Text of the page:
Une nouvelle publication québécoise porte sur la sécurité des machines dans les hôpitaux.
Cette étude exploratoire, menée dans cinq hôpitaux du Québec, analyse les caractéristiques des machines utilisées et leurs dangers inhérents. L’article décrit les pratiques de gestion, telles que l’évaluation des risques, l’utilisation des dispositifs de protection, les procédures de cadenassage et d’étiquetage, l’inspection et la formation.
Source : TREMBLAY, Jean-Claude et GAUTHIER, François. Safety Science
. 1 mars 2018. Vol. 103, pp. 207‑217. DOI 10.1016/j.ssci.2017.08.018
In the hospital sector, machine-related risks are a reality.
Machine risk management practices sector are very little documented.
The sector is generally aware of the machine risk management best practices.
The level of implementation of the machine risk management best practices is low.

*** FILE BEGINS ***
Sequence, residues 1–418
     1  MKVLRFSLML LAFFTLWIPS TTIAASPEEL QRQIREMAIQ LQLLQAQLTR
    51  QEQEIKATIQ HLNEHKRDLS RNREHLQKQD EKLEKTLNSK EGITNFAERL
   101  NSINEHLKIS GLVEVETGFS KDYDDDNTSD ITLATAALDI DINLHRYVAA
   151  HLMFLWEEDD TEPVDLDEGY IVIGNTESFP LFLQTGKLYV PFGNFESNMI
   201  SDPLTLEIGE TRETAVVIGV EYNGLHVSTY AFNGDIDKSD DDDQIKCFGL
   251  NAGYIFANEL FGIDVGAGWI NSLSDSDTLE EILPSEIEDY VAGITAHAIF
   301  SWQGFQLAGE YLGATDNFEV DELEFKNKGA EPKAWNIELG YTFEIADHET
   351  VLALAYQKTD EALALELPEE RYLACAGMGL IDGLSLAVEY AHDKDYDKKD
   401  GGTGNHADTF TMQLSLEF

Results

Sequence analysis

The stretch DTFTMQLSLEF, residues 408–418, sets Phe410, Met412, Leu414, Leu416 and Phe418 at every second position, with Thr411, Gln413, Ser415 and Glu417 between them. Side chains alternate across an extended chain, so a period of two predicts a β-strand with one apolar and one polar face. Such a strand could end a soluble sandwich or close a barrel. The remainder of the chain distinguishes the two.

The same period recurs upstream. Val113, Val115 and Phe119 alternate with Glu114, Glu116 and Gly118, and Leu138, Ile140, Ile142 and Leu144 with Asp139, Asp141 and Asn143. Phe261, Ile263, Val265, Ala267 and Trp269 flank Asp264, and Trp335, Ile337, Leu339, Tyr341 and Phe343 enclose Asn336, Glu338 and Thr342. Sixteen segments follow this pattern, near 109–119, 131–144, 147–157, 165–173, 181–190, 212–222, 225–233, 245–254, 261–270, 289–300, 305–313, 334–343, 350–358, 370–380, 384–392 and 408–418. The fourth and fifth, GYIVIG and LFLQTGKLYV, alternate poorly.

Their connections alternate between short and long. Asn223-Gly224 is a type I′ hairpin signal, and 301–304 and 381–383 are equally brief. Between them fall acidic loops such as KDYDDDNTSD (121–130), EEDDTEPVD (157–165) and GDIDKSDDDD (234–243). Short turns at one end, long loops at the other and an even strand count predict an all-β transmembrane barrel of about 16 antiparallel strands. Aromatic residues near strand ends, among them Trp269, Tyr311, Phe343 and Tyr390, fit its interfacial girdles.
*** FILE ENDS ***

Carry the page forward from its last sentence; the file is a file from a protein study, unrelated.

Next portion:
Safety of machinery is a major concern in the manufacturing sector, but machines are also present in many other fields of activities, including healthcare. With the importance of machine-related accidents, the risk management practices related to the safety of machinery in the manufacturing sector are well known and documented. However, there is very little knowledge about the importance of machinery-related risks and their management practices within the hospital sector. The exploratory study presented in this paper addresses (i) the context of safety of machinery in hospitals; (ii) the characteristics of the machines used and their inherent hazards; and (iii) the level of integration of risk management practices for the safety of machinery in hospitals, such as risk assessment, machine safeguarding, lockout/tagout, inspection, and training. Five hospitals were visited and a questionnaire was used to collect the opinions and perceptions of non-medical managers and workers regarding machinery risk management. A total of 17 managers and 17 workers were interviewed. Documents related to machinery risk management practices, and information regarding the machines used and their hazards, were also collected. The results show that machine-related risks are a reality in this sector and that safeguarding of machinery is often deficient. None of the visited facilities had machine risk assessment procedures, a lockout/tagout program, or any specific document on safety rules related to machine hazards. Yet, the majority of managers and workers agree to say that these practices are relevant and can be implemented in the hospital sector. The results suggest that the hospital sector is generally aware of the best practices in machinery risk management, but that their level of implementation is lower than what can be observed in the industrial sector.